Toby

Offline pizzablogger

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Re: Nearlypolitan
« Reply #32 on: January 18, 2010, 01:57:15 PM »
Toby, you mentioned you do not have an infrared thermometer, but do you have a more standard oven thermometer? I'd be extremely interested to hear what kind of heat your broiler is throwing off.

Personally, I have a laser gun, but continually opening the oven door to get a reading directly from the stone, or other part of the oven is a good way to lose heat.....and I'm not sure how accurate shooting through the thick glass of my oven is.

I have found a surface reading thermometer placed on a side of my stone, in addition to two hanging thermometers placed above the pizza, allows me to view the temp through the glass quite easily.

http://www.amazon.com/Maverick-Industries-ST-01-OvenChek-Thermometer/dp/B0009XBILS/?tag=pizzamaking-20

http://www.amazon.com/Component-Design-Inc-EOT1-Thermometer/dp/B000HHJ0FC/?tag=pizzamaking-20

My broiler flames at the same max temp as my oven (550°F) and I have yet to find a way to set up my oven to generate that degree of leopard spotting on my pizzas. In addition, I cannot fire my broiler at the same time the oven is on, so I have to cook on the stone, turn off the oven and turn on the broiler...which takes a full minute to kick on. My pies are so close to the broiler while finishing that it nearly touches the flame....but it does not get hot enough to really finish the top of the crust like I want it.

I'll keep tinkering around with different set ups, but any ideas? My wife is NOT down with the self-cleaning cycle, but is down with a WFO when we get a yard.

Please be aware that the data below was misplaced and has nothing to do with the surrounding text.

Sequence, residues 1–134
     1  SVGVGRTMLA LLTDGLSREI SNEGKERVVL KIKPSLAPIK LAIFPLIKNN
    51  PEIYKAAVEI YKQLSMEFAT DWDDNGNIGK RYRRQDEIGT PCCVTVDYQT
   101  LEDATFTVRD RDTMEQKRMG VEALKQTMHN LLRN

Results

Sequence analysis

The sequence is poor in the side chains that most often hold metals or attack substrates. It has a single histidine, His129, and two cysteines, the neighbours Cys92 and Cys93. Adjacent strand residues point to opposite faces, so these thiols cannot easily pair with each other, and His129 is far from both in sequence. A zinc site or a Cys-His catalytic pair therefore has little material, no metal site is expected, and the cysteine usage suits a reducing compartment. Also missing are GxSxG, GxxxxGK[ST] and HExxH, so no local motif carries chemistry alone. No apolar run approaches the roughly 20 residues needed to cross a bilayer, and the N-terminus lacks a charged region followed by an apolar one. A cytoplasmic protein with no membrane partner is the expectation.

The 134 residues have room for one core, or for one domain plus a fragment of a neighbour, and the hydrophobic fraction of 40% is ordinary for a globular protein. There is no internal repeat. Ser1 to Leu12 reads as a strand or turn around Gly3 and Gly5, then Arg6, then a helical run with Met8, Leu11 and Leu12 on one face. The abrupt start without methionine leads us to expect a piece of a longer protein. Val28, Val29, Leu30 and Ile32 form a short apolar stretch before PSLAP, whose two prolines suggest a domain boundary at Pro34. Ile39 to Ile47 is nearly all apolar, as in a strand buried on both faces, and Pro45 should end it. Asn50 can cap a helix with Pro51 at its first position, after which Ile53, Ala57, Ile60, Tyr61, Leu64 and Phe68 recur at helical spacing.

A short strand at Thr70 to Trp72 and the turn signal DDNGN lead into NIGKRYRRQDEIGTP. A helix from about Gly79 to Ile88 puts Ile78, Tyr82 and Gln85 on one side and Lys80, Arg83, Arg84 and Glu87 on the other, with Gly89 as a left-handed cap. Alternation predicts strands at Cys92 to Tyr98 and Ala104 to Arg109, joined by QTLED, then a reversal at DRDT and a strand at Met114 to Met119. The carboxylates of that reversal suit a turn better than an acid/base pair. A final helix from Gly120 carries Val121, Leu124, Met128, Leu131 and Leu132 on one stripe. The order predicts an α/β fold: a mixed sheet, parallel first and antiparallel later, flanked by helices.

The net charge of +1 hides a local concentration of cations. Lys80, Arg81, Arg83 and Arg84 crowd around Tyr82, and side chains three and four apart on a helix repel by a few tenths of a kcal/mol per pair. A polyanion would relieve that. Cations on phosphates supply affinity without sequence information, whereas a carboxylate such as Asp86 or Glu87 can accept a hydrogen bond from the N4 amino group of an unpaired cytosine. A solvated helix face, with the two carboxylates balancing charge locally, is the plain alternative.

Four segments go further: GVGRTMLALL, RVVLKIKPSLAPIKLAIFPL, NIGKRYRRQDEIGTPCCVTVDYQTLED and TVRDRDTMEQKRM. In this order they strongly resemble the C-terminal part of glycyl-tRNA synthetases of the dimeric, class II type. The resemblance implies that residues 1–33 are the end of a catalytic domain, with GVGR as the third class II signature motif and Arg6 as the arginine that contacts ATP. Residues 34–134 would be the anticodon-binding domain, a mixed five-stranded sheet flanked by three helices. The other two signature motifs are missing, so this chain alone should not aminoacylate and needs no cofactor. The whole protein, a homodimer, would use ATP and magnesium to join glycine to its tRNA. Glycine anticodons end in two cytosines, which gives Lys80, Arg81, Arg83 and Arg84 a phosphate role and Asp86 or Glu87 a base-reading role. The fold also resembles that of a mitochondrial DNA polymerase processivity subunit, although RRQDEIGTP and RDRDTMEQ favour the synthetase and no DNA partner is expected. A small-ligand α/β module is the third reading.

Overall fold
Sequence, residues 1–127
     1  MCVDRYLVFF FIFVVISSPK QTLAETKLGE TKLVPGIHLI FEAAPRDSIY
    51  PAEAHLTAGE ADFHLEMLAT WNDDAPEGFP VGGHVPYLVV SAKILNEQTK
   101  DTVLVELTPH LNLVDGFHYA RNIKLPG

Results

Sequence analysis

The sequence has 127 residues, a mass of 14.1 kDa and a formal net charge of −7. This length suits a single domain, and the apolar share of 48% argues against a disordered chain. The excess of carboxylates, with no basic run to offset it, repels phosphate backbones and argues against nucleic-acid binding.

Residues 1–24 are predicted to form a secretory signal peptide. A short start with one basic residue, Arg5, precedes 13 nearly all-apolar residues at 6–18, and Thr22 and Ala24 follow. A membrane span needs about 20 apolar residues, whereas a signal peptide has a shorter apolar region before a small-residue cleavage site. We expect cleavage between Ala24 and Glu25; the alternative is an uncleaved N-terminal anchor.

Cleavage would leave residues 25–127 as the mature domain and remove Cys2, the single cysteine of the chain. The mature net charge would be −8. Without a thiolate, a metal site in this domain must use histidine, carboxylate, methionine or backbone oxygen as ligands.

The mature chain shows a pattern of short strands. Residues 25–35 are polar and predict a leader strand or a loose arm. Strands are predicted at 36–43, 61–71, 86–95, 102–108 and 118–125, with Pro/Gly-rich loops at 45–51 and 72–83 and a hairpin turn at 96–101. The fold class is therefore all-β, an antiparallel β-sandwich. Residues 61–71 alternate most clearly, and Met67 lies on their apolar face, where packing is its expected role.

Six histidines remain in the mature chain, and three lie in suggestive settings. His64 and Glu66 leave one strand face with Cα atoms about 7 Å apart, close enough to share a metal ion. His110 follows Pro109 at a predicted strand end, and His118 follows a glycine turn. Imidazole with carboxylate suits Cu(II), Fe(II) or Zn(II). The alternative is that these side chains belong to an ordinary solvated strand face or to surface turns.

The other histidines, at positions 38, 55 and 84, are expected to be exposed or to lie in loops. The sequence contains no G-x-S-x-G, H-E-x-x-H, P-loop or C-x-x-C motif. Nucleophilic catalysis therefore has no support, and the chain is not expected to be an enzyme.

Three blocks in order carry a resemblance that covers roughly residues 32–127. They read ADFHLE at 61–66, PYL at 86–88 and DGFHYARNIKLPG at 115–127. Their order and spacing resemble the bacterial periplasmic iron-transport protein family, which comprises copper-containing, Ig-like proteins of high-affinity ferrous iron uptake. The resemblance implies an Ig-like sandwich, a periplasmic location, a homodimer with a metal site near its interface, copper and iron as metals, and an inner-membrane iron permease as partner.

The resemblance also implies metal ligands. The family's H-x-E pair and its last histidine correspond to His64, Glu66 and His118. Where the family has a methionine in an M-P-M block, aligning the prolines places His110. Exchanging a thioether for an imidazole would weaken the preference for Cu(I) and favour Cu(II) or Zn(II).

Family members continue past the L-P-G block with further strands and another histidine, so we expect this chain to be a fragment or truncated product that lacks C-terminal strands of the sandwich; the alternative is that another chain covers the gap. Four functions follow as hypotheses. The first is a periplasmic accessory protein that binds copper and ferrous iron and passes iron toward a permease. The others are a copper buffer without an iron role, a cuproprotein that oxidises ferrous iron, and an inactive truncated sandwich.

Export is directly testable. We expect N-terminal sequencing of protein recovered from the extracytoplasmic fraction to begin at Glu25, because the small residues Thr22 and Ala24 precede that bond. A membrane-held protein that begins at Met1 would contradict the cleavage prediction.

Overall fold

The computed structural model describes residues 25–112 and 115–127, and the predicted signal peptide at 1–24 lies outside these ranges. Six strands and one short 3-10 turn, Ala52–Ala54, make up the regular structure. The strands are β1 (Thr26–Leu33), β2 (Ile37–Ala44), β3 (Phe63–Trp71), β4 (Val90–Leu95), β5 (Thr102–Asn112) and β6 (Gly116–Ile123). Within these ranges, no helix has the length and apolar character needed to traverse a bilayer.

Toby, the Brussel Sprout Pancetta pie looks delightful! --K
"It's Baltimore, gentlemen, the gods will not save you." --Burrell

Infoodel

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Re: Nearlypolitan
« Reply #33 on: January 18, 2010, 02:19:54 PM »
Hey K,

I do have a standard oven thermometer - but I'm not sure how to use it to read the broiler element temperature. I suppose at least I could take the stone temperature. Just a bit worried about frying it while it sits under the broiler :P

As for broiler and oven being on at the same time - I have the same thing with my oven. The regular oven heat is only being used initially to heat the stone - after that - it's broiler all the way. FWIW I've used two different ovens, one in the UK, on in TN (neither of them particularly fancy models) and  both produced respectable heat.  Weird. Not sure what to say on that one...

Oh - one thing I forgot about totally. I do use a foil 'screen' around the edge of the stone. I'm not sure it really does a whole lot. I was hoping that it would reflect 'stray' radiation from the broiler element back on the pizza - but honestly I've had decent leoparding/char without the foil there.

Cheers,

Toby

edit: Oh and the Sprouts/Pancetta pie tasted good but I think it can be better. Got an idea for a better combination which I will try next time I make a batch of dough.
« Last Edit: January 19, 2010, 11:29:00 PM by Infoodel »

Offline pizzablogger

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Re: Nearlypolitan
« Reply #34 on: January 18, 2010, 03:00:33 PM »
Toby, am I correct in assuming that you are no longer employing the lava rocks around the edges of the pizza to place direct heat to the crust (but that would impede airflow, no?)?

Did you marinate or sautee the brussel sprouts at all before firing on the pizza? They look like the tops are burnt a bit (which looks like a good potential crunchy texture addition from the pics).

Thanks --K

"It's Baltimore, gentlemen, the gods will not save you." --Burrell

Infoodel

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Re: Nearlypolitan
« Reply #35 on: January 18, 2010, 03:11:35 PM »
Toby, am I correct in assuming that you are no longer employing the lava rocks around the edges of the pizza to place direct heat to the crust (but that would impede airflow, no?)?

Did you marinate or sautee the brussel sprouts at all before firing on the pizza? They look like the tops are burnt a bit (which looks like a good potential crunchy texture addition from the pics).